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Hit the rollover jackpot
Juliet Smith explains all you need to know about rollover relief, a subject that is frequently tested
There are a number of reliefs available to mitigate capital gains: some exempt the gain, some defer the gain to a later date. Here we will cover a deferral relief called ‘rollover relief’, sometimes referred to as ‘Replacement of business asset relief’. (s.152 TCGA 1992)
How does rollover relief work?
Rollover relief allows a gain on the sale of a qualifying asset (the old asset) to be deferred if some or all of the proceeds are reinvested in a qualifying asset (the new asset).
For example, Bob runs a manufacturing business. He wants to relocate the business so he sells his old factory for £1,000,000 (it had originally cost £250,000). He then purchases a new factory in the new location for £1,000,000. The disposal of the old factory generates a capital gain for Bob of £750,000 (£1m – £250,000), on which capital gains tax is due. However, Bob has reinvested all the proceeds in the new factory, so how can he pay the tax? This is where rollover relief comes in – because Bob has reinvested all the proceeds from selling the old factory in the purchase of the new factory, rollover relief allows him to defer the gain. The gain is deferred by reducing the cost of the new factory to £250,000 (£1m – £750,000). This has the effect of deferring the gain until the new factory is sold because any reduction in the cost of an asset will increase the gain on its disposal.
When does rollover relief apply?
If an individual or company disposes of a chargeable asset used in their trade look out for them replacing that asset. In an exam question it is often a building such as an office or factory being sold and replaced, but remember there are a number of other classes of qualifying assets including:
• Fixed plant and machinery.
• Goodwill (individuals only).
• Ships, aircraft, hovercraft.
Note that the assets being sold and acquired do not need to be in the same class – for example, rollover relief could be claimed if a building is sold and a hovercraft is acquired.
Are the conditions met?
Once you have identified that there has been a sale of and purchase of a qualifying asset you need to check a couple of other conditions before you can be sure the relief will apply:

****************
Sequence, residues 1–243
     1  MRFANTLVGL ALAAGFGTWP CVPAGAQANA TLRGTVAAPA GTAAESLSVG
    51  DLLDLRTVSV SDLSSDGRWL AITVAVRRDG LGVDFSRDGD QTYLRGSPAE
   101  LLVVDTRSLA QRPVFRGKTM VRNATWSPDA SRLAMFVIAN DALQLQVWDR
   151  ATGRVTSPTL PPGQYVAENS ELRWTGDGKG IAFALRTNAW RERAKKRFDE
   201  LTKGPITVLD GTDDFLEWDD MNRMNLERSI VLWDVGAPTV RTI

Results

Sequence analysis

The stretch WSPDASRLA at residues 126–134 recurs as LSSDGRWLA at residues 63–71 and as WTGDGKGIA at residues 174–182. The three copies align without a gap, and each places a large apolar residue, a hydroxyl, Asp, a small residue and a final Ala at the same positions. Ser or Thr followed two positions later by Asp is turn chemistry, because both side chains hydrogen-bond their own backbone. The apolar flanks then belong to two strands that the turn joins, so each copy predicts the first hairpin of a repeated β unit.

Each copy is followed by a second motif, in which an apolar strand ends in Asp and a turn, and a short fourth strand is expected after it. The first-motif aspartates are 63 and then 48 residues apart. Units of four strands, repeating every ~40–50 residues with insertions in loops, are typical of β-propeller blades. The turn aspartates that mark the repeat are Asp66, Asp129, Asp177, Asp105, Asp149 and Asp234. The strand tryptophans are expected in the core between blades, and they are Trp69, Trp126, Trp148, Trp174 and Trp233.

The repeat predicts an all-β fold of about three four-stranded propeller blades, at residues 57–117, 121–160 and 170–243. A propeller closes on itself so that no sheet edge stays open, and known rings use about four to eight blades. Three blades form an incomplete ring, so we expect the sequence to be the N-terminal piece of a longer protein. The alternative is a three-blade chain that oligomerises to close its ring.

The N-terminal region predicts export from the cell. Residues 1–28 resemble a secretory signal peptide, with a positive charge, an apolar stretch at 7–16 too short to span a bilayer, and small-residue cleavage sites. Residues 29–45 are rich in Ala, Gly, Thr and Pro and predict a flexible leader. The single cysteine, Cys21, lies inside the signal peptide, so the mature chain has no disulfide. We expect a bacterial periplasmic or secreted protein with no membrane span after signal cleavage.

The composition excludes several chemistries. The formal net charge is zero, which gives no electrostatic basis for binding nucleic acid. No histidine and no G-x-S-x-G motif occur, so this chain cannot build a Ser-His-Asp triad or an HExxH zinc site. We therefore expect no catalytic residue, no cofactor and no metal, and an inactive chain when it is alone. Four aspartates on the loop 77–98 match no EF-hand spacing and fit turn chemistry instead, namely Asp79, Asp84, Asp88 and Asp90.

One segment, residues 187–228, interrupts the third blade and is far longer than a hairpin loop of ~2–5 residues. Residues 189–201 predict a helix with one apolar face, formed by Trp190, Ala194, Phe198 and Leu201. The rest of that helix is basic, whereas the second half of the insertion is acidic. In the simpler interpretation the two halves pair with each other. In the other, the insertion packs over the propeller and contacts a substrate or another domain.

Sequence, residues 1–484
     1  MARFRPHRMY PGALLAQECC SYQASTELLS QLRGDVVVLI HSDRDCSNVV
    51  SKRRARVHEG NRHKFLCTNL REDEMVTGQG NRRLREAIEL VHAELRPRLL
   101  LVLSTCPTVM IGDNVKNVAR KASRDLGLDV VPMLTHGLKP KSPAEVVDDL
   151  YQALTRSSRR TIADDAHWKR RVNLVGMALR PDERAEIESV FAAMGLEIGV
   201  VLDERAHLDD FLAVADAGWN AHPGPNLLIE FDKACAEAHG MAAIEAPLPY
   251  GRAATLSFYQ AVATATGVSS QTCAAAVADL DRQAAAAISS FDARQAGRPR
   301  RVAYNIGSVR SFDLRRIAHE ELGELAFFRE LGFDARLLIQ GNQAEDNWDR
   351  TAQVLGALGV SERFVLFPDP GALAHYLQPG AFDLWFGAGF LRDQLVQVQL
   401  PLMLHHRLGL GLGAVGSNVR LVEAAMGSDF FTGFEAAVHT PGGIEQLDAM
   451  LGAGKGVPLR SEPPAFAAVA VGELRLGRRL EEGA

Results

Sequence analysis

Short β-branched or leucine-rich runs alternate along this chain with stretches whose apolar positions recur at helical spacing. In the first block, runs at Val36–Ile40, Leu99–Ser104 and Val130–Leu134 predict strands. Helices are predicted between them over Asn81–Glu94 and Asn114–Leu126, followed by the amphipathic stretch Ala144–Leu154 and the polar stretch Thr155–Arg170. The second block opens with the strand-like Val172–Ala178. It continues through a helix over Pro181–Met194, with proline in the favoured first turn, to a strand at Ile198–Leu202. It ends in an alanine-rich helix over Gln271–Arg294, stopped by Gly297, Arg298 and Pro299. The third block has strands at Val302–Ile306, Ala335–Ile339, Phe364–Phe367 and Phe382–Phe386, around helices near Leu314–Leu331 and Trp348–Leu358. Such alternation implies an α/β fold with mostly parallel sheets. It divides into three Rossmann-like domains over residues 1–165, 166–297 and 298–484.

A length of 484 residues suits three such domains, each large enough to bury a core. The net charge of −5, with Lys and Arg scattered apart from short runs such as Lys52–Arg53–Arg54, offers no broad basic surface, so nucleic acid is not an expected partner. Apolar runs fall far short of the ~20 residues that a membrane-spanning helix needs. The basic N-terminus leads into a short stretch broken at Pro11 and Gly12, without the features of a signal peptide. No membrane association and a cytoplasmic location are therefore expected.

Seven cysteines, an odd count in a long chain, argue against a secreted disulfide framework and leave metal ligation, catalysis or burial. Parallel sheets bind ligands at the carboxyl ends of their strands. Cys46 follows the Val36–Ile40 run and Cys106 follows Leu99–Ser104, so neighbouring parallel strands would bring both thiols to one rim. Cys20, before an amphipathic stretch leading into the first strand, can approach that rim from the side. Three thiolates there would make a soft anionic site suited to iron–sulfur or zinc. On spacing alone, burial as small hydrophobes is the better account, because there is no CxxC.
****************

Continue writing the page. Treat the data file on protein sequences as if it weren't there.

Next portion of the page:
1. The new asset must be acquired either 12 months before the sale of the old asset, or in the 36 months after the sale of the old asset, and
2. The new asset must be immediately taken into use for the purposes of the trade.
How much relief is available?
The full gain will be deferred if:
• All the proceeds from the sale of the old asset are reinvested in the new asset, and
• Both the old and new asset are used 100% for trade purposes.
Returning to our earlier example of Bob, let’s assume that Bob acquired his new factory for £900,000 instead of £1,000,000. He would still have £100,000 cash left, this amount of gain is treated as immediately chargeable to capital gains tax. Bob would only be able to rollover £650,000 (£750,000 – £100,000) of gain.
If the old asset is not used 100% for trading purposes, then only the trading proportion of the gain qualifies for relief. Likewise, if the new asset is not to be used 100% for trading purposes only the trading proportion of its cost can be taken into account when deciding whether proceeds have been fully reinvested.
Lastly, if the new asset is ‘depreciating’ (useful life of 60 years or less or fixed plant and machinery) the gain to be deferred is not deducted from the cost of the new asset; it is instead ‘frozen’ and becomes chargeable on the earlier of:
• Sale of new asset.
• Trader ceasing to use the new asset in the trade.
• 10 years after purchase of new asset.
Rollover relief must be claimed by the sole trader (or company) within a certain time limit. The time limit for a sole trader is four years from the end of the tax year in which the gain arises or the new asset is acquired (whichever is later). For a claim by a company we refer to accounting periods instead of tax years.
• Juliet Smith is a senior tutor at Tolley Exam Training, part of Lexisnexis, and can be contacted at email@example.com.
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